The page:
Dale Douglass is in the field list for this week's U.S. Senior Open at Inverness. It will be his 600th career start on the Champions Tour. Only Miller Barber has more, with 603. Douglass, who won three times on the PGA TOUR and 11 times officially on the Champions Tour, will also set a new record by playing in his 26th consecutive U.S. Senior Open. (He was tied with Arnold Palmer at 25 straight). Jeff Szklinski, Champions Tour staff, spoke to Douglass recently about the upcoming tournament.
Jeff Szklinski: What does making your 600th start on the Champions Tour mean to you after all these years? Do you remember your first start?
Dale Douglass: Well, it's something I never did think about [making 600 starts]. And I found out about it earlier this year, so it's been on my mind. Why not, I might as well go play this one more time. Hopefully I won't embarrass myself.
In my first (pro) tournament, there was no qualifying school. You filled out the forms. The local pro in Denver told me it would take about a month. So a month later I bought a car and drove from Colorado to Pensacola. I showed up there and went to the tour official and said, 'Hello I'm a pro.' I hadn't received my card or anything. He said we don't have you on the list but I'll check tomorrow. He did, and the PGA had just approved my card, and so he let me qualify. A few days later I was the low qualifier at the Pensacola Open in 1960.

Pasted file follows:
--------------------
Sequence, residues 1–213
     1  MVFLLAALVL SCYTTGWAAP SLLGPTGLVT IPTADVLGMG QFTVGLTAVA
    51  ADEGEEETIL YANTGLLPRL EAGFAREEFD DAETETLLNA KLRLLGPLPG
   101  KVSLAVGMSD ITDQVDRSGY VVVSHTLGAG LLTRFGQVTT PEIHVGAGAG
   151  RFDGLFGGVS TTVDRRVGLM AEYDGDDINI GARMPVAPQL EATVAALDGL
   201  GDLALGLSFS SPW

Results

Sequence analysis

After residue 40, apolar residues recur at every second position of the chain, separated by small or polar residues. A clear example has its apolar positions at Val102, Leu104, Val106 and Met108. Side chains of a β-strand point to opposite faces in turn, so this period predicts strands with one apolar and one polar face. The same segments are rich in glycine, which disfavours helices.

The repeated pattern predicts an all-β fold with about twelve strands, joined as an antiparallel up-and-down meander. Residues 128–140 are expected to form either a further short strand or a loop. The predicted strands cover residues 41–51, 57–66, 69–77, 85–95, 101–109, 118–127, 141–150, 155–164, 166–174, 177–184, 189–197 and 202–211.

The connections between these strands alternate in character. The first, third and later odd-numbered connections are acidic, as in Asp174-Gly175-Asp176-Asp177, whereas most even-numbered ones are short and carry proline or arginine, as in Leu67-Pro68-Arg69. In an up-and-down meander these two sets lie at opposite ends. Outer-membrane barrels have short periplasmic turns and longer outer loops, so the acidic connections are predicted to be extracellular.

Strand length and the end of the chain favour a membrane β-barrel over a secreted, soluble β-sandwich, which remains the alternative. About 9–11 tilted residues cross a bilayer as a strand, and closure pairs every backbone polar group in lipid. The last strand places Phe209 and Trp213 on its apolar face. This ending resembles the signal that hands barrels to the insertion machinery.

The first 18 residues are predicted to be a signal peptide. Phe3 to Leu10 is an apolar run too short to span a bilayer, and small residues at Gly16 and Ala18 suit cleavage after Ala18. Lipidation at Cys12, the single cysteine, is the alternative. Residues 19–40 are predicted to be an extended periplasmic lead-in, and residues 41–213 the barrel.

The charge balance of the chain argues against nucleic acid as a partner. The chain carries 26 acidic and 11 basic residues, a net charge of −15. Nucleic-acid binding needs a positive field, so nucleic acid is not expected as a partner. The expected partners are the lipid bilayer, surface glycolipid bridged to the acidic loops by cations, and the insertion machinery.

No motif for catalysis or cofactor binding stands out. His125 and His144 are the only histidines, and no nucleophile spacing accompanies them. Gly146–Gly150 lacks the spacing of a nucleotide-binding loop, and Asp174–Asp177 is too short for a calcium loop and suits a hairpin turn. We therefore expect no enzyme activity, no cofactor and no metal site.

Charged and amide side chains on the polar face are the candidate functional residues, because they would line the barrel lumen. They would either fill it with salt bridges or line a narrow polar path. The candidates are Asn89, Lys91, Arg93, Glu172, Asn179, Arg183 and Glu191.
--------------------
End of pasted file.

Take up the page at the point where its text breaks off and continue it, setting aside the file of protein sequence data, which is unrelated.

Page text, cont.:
Jeff Szklinski: What did it mean to you to be inducted into the Colorado Athletic Hall of Fame, especially given everything you still give back to the University (golf scholarships, etc.)?(golf scholarships, etc.)?
Dale Douglass: Anytime someone recognizes you, it's a real honor. It's something that's special. I'm not sure it's always well deserved, but I'm very proud that they've honored me.
Jeff Szklinski: What are your thoughts on CU moving into the "new" Pac 12 this year? How do you think the Buffs will fare?
Dale Douglass: I think it's pretty exciting. I don't know about the recruiting that they will be able to do. Everybody says that area will be tough to get recruits. Colorado is a top school, I hope they come up with some baseball, too, one of these days, but that might be down the road.
Jeff Szklinski: Hale Irwin said: "If there's anyone outside of my family that has had a direct and significant contribution, positive contribution to my career, it's been Dale Douglass." Can you talk about your relationship with Hale and how it began??